I like to pair the soup with my favorite grilled Irish cheddar on cinnamon raisin bread.  Lovely flavors that compliment the rich and creamy butternut squash soup.  When I serve this to the Bennett Crew for dinner, I include roasted green beans or broccoli or a spinach salad to round out the meal.   Perfecto! (yes, I still believe I’m in Italy)

Delicious Wishes and Loads of Love,


Butternut Squash, Apple and Coconut Soup

All the ingredients can be adjusted to taste and preference.  I’ve given approximates, but feel free to add a little more of this or a little less of that to create a soup to your family’s tastes.

Serves 6 for a dinner meal or 12 for a party starter


1 medium to large butternut squash

1 medium shallot, finely diced (about 2-3 tablespoons)

1 medium to large apple, peeled and diced

2 teaspoons of fresh grated ginger (or more to taste at end of cooking)

2 tablespoons butter or coconut oil

Olive oil

1 – 1 1/2 cups coconut milk (whole coconut milk in a can.  I prefer Thai Kitchen Organic)

2-3 cups vegetable broth (or more if needed)

Pinch of cinnamon (or as an option, pinch of curry spice)

Salt and Pepper to taste

Serve with Grilled Irish Cheddar on Cinnamon Raisin Bread


Preheat the oven to 400F.  Slice the stem section off the squash first and then slice the butternut squash in half vertically – lengthwise (very carefully).  Scoop out the seeds.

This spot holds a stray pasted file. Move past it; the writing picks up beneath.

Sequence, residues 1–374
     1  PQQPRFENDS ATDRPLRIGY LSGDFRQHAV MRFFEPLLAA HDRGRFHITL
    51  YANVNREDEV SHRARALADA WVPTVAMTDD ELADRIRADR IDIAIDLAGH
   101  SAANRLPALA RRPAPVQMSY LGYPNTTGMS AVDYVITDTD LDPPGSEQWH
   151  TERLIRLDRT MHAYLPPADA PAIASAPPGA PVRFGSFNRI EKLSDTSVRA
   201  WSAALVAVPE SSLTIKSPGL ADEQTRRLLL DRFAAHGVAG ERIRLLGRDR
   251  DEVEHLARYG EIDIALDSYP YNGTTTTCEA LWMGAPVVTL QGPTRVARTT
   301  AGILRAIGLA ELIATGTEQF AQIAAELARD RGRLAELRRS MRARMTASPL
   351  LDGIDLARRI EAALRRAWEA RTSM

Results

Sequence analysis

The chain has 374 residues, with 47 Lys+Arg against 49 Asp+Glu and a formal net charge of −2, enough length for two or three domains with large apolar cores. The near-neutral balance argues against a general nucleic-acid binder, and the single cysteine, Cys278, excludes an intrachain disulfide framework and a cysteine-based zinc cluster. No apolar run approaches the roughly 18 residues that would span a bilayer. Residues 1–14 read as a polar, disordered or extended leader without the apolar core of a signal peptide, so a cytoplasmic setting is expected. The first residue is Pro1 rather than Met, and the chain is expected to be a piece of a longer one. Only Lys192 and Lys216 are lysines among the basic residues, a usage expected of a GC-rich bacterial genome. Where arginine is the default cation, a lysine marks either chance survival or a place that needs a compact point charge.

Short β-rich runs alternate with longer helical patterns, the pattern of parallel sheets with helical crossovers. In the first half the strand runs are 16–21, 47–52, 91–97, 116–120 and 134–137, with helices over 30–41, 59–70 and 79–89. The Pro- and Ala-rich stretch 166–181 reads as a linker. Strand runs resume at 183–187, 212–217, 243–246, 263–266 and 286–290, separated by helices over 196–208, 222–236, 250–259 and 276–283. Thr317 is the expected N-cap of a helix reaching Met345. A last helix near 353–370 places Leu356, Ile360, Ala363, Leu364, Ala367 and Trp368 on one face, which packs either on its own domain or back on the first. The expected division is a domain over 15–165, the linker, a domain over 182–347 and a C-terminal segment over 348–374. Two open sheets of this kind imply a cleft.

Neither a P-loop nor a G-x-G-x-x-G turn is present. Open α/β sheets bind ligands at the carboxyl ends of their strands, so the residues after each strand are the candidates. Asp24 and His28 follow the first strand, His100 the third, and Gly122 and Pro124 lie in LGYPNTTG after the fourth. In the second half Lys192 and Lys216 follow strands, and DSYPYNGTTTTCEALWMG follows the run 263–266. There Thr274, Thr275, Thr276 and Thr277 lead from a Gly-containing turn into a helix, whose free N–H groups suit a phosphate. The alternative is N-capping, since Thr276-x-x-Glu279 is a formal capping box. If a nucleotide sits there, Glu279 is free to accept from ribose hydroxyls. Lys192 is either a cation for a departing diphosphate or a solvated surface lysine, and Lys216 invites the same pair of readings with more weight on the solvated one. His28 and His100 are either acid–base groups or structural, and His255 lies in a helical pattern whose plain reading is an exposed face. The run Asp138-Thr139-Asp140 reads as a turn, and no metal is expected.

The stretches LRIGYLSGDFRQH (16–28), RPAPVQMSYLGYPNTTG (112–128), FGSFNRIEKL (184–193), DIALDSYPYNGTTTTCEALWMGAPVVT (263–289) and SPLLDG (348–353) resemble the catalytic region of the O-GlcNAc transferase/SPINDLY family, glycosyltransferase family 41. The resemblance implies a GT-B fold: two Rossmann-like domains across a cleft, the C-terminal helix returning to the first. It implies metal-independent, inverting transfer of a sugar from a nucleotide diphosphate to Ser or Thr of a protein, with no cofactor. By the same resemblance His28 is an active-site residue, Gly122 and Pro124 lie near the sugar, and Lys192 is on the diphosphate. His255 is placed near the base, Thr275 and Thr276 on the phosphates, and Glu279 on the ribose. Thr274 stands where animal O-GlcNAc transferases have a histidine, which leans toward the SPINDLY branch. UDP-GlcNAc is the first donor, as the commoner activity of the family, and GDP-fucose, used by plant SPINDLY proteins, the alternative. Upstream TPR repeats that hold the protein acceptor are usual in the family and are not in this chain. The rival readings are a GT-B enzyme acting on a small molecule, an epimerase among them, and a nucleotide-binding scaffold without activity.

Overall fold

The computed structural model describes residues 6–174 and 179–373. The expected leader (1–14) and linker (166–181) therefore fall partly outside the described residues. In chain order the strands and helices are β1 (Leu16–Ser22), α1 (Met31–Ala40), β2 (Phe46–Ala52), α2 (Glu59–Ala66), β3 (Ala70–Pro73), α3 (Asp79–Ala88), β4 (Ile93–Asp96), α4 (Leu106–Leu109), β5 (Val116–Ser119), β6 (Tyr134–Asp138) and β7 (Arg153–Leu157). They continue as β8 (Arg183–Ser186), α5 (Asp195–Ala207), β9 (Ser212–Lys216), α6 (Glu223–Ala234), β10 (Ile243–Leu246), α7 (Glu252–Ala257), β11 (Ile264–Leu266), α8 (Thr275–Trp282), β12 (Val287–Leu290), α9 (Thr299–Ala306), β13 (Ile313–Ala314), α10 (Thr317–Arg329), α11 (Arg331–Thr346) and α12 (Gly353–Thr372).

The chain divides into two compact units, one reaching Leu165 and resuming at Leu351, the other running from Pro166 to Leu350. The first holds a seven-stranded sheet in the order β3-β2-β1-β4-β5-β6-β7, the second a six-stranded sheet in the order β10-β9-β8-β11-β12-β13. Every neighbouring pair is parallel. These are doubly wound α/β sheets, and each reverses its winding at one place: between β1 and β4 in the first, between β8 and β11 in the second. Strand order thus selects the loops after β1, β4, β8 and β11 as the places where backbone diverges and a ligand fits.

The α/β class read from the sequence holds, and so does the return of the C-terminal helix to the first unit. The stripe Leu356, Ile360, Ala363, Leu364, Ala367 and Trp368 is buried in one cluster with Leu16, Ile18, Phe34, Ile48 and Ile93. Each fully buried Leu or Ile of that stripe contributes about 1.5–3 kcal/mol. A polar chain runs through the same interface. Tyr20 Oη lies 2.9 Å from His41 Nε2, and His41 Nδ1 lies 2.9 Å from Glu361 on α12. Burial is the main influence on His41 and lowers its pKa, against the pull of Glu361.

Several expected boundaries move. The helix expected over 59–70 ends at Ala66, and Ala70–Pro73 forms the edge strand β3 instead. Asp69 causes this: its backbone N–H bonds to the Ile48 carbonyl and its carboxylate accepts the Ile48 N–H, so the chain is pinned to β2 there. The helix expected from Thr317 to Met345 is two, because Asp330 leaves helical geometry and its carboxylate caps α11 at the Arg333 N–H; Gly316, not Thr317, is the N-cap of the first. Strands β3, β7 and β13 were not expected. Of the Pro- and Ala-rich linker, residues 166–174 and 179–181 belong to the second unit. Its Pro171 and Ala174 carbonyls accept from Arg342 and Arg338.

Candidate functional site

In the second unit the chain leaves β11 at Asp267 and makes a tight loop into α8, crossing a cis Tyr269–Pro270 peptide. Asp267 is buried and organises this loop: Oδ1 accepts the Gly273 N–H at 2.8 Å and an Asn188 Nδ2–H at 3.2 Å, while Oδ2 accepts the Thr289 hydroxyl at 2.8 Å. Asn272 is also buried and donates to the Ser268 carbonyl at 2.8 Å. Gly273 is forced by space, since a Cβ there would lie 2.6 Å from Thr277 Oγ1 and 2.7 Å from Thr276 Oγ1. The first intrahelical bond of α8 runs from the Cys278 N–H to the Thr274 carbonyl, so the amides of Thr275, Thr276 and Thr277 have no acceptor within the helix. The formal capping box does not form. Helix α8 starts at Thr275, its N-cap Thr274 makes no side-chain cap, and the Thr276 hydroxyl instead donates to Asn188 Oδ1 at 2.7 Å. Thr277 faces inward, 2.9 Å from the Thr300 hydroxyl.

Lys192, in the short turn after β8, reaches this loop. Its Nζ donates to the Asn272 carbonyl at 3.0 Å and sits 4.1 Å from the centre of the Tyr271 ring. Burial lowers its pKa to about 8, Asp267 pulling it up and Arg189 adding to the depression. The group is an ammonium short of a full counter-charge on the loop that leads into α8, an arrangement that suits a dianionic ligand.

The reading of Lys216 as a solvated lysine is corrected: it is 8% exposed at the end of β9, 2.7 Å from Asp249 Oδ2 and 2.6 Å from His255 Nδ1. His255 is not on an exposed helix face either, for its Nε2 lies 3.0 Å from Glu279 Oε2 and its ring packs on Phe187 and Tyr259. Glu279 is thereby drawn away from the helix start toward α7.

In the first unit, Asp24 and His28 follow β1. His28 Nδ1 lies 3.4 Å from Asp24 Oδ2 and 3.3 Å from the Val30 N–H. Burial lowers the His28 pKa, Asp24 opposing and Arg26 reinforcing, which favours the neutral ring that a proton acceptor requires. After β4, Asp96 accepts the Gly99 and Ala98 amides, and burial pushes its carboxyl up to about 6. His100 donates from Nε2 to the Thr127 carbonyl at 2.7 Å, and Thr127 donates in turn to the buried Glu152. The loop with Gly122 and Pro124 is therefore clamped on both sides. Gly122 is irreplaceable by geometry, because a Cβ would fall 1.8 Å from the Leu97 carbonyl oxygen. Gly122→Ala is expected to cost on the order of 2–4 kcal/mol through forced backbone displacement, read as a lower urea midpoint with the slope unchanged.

Brush the cut sides of the squash with a little olive oil. Lay the squash halves cut side down in a glass baking dish and add a little water to the pan.   Bake for about 20-30 minutes or until the squash is tender and skins are golden brown and toasty.  Remove from the oven and  when the squash has cooled, remove the meat of the squash and place it in a medium mixing bowl, mashing it as much as possible.  Set aside.

In a large soup pot over medium heat add the butter or coconut oil.  When the butter/oil is melted and hot, but not smoking, add the shallot and diced apple.  Sauté until the shallot is translucent and the apple is starting to soften.